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The Morning Brief: Eminence, Elliott and Sandell Wage Activist Battles

Ricky Sandler’s Eminence Capital continues to turn the heat up on Jos. A. Bank Clothiers. The New York–based hedge fund firm announced on Tuesday that it plans to nominate two director candidates to the company’s board at the clothing retailer’s 2014 annual meeting. In a letter to the board requesting the questionnaire that potential nominees must complete, Sandler said he will support The Men’s Wearhouse’s own slate of nominees for the Jos. A. Bank board and plans to withdraw his nominees if those proposed by MW are still in the running at the time of the annual meeting. However, stressing that Jos. A. Bank’s nomination window will be closing soon, he decided to submit his own slate “to ensure both that JOSB is pursuing the combination with MW as vigorously as possible, and that JOSB directors will be held accountable if they approve an alternative transaction or cause JOSB to take other action before the annual meeting that would frustrate a transaction with MW,” Sandler said.

Meanwhile, Elliott Management stepped up pressure on one of its many activist targets. The New York–based hedge fund firm sent a letter to the board of directors of Riverbed Technology asserting that a majority of research analysts and other independent observers support its $19 per share offer for the company. Elliott, which owns 10.5 percent of the stock, also warned of the downside risk to the stock if the company rejected his offer, which is designed to smoke out other interested parties that might be willing to pay even more for the company. “Since the initial filing of our 13D in November, we have been inundated with phone calls from Riverbed shareholders, both new and longstanding,” Elliott portfolio manager Jesse Cohn states in the letter. “This feedback has only intensified over the last five days. At this point, we have had dozens of conversations and have heard from a majority of Riverbed’s shareholder base.”

In yet more activist news, Sandell Asset Management Corp., which owns 6.5 percent of Bob Evans Farms, filed a complaint in Delaware Chancery Court in an attempt to prevent the board of the operator of Bob Evans Restaurants to change the threshold for successfully amending the bylaws. Specifically, Thomas Sandell, CEO of New York–based Sandell Asset Management, noted that the board adopted, without shareholder approval, a requirement that an 80 percent supermajority shareholder vote be required for shareholders to amend the bylaws less than three months after shareholders “had overwhelmingly voted” to reduce a supermajority requirement to a majority threshold. Sandell plans to pursue a consent solicitation to expand the size of the board. He also accused the board of engaging in cronyism and preserving “the irresponsible spending habits and poor decisions” made by chairman and CEO Steven Davis.

Meanwhile, Keith Meister’s Corvex Management said in a regulatory filing late Monday that the hedge firm and Eric Mandelblatt’s Soroban Capital Partners have raised their combined stake in Williams Cos. to 6.74 percent of the shares — 9.86 percent of the shares if you include cash-settled swaps and options.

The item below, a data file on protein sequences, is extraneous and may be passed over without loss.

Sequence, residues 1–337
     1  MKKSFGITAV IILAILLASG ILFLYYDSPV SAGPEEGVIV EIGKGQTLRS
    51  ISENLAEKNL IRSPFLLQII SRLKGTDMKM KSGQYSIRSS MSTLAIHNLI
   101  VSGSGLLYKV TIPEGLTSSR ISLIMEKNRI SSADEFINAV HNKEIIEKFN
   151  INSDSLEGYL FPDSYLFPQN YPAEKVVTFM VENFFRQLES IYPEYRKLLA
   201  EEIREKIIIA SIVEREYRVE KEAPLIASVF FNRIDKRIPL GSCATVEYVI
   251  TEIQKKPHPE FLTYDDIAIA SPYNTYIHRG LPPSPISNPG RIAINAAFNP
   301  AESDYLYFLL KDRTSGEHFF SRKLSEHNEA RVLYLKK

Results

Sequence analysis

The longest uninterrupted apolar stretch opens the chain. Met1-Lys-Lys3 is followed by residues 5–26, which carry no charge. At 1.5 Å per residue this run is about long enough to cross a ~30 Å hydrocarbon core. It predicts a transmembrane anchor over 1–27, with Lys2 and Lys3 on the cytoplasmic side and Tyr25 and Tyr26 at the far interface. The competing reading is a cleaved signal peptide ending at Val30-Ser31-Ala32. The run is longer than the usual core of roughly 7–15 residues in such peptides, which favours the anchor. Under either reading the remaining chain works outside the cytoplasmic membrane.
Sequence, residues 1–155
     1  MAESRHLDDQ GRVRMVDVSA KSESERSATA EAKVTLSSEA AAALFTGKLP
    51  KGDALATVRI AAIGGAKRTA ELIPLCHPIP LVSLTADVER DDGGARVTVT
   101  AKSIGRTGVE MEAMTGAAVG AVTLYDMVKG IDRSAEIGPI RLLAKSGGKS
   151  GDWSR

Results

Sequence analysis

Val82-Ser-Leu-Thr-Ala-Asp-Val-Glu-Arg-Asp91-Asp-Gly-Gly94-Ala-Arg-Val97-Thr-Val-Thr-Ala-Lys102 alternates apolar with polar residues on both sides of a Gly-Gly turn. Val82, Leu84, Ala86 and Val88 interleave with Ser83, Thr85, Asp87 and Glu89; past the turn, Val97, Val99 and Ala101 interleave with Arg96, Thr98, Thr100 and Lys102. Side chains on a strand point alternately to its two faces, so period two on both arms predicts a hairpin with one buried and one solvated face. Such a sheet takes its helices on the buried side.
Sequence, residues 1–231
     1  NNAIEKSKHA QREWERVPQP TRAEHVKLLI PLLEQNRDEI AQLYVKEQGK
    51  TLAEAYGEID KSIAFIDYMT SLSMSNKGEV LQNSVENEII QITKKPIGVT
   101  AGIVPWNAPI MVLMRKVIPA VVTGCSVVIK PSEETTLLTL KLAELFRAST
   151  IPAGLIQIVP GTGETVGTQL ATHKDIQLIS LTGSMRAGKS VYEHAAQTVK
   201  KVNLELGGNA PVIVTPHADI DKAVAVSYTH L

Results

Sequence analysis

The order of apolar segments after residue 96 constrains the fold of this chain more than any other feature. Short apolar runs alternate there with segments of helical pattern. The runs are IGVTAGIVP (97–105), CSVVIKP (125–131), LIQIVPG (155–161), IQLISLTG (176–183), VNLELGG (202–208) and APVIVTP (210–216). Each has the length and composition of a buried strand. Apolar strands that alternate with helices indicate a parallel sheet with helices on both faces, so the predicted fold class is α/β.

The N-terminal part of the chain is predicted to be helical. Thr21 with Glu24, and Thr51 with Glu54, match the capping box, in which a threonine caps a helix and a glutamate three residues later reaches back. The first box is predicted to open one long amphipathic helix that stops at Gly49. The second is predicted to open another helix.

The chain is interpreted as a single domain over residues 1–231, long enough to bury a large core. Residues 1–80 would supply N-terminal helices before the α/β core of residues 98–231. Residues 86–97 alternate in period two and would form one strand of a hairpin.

QFS Asset Management is the latest quant hedge fund to return money or shut down. The Greenwich, Connecticut firm Tuesday announced it would return nearly $1 billion to clients. “After careful consideration, QFS has concluded that the current market environment does not offer adequate risk adjusted opportunities for fundamentally-driven quant macro strategies, and that is unlikely to change for the foreseeable future,” states Karlheinz Muhr, Chairman and CEO of QFS, in a press release. QFS said it will continue its research efforts in the global macro and currency markets and seek to develop new “and innovative sources of returns.” In 1988, Sanford Grossman founded QFS when it was known as Quantitative Financial Solutions. When QFS acquired Cenario Capital in 2011, Grossman resigned as chief executive and handed the CEO reins to Muhr, who had been Cenario’s chairman and chief executive. Grossman resigned as chairman at the end of 2012. In January 2013, GAM Group AG, a wholly owned subsidiary of the Swiss investment manager GAM Holding AG, took a 30 percent stake in the company.

UBS raised its price target on two internet stocks popular among the hedge fund set, especially the Tiger Cubs. It lifted its target on Priceline.com to $1,300 from $1,220 and its target on TripAdvisor to $88 from $78.

Stephen Mandel Jr.’s Greenwich, Connecticut–based Lone Pine Capital raised its stake in Wyndham Worldwide, a major player in the hotel and timeshare businesses, by roughly one million shares, to more than 6.77 million shares, or 5.2 percent of the total outstanding. The regulatory filing said the investment is passive.

SAC Capital Advisors money manager Vishal Ghiya resigned to start his own hedge fund firm. He reportedly managed $500 million and was a generalist who invested across a wide variety of industries.

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